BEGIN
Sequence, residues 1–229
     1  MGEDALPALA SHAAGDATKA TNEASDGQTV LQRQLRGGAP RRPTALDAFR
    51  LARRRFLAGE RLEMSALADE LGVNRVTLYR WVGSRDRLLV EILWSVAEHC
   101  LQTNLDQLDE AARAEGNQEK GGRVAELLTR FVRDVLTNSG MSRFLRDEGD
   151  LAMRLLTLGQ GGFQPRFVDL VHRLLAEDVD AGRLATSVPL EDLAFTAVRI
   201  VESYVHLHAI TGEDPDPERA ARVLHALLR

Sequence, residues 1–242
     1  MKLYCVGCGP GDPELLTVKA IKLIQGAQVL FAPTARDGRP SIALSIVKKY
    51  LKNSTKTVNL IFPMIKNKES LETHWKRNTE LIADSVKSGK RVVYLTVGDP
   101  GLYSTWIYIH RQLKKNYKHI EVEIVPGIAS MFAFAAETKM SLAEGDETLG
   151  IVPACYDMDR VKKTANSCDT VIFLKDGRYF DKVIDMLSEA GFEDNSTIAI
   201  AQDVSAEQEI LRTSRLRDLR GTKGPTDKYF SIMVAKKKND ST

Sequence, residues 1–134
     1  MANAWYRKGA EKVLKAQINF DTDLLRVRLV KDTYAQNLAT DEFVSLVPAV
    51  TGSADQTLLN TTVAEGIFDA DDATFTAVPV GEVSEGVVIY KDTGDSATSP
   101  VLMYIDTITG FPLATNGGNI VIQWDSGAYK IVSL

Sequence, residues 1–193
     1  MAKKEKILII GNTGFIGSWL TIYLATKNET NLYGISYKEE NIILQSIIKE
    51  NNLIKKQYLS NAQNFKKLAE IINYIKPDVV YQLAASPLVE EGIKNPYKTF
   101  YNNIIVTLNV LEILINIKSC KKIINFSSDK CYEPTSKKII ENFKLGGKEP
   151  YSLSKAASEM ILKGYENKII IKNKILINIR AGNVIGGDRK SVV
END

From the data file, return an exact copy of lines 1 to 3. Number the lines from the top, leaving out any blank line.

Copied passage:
Sequence, residues 1–229
     1  MGEDALPALA SHAAGDATKA TNEASDGQTV LQRQLRGGAP RRPTALDAFR
    51  LARRRFLAGE RLEMSALADE LGVNRVTLYR WVGSRDRLLV EILWSVAEHC